“As Linda, now well out of her normal comfort zone, takes further risks in life and love, the stage is set for highly comic downfall. With the play, her reputation, and her teaching career on the line, Linda finds an unlikely ally in herself. Amidst the ruins of her formerly perfect life, can she find a way to her own unique storybook ending?”

There is a Facebook page for the movie.  The biography on Facebook reads:

“Refuse to live life by the book. Opens LA 5/17 and NY 5/24. Now available on VOD and Digital Platforms. Visit us at:

It was created in January 2013, and it is updated at least once every weekday with witty memes from the movie.   The page has over 1,500 likes, which is fairly significant for an unreleased below-the-radar movie.  The cover photo was created to look like a movie poster, which is effective.

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The movie also has a twitter page and has created the hashtag “#TheEnglishTeacher”.   People have been using the hashtag while they watch the video on demand, or if they have a relevant comment.  The English Teacher’s twitter also references real-life English teachers and their role in students’ lives.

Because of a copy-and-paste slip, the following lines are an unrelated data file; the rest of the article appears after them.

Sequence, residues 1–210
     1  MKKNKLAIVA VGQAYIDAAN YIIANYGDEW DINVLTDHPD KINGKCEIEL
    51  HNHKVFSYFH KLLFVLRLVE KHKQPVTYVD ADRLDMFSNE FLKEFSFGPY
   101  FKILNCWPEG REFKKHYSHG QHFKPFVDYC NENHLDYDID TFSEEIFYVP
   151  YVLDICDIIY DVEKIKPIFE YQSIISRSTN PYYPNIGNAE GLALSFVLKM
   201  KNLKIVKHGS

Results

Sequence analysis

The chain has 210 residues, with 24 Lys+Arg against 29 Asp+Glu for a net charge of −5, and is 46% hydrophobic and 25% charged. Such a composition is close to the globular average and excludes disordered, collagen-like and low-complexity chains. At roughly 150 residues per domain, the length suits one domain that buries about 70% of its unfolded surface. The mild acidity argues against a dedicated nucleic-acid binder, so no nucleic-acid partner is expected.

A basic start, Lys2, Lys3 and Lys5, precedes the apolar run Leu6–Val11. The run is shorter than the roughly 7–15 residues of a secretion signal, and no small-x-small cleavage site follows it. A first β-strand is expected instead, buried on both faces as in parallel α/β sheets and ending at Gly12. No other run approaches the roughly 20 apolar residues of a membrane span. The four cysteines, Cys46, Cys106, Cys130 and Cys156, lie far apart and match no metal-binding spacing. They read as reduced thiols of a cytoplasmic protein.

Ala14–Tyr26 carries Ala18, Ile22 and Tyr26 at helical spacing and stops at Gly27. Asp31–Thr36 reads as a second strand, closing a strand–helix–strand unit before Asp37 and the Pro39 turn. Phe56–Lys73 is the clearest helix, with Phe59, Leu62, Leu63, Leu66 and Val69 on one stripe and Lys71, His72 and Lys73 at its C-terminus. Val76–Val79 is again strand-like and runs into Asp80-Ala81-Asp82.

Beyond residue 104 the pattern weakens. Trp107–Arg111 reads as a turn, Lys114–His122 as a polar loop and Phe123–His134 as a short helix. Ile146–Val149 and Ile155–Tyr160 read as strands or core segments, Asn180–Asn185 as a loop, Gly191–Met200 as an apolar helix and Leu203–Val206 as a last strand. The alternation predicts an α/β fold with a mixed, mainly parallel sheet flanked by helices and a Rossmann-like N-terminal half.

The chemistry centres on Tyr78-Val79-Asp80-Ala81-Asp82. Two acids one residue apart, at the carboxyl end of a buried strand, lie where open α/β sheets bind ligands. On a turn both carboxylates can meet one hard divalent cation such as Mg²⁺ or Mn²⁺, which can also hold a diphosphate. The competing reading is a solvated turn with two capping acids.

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This movie is a current Tumblr favorite.  There are many gifs and memes about the movie.  The Tumblr platform makes sense for the movie because it’s a quirky story that Tumblr users would connect with.  Tumblr originally became popular because it was an alternative way to connect with other internet users through shared images, video, and text posts. The site is a great way to market movies strategically by connecting with major influencers who will share gifs comments about the movie.


Targeted Marketing

I came across this article on Gizmodo.  I’m fascinated.  It takes targeted marketing to another level.  What do you think?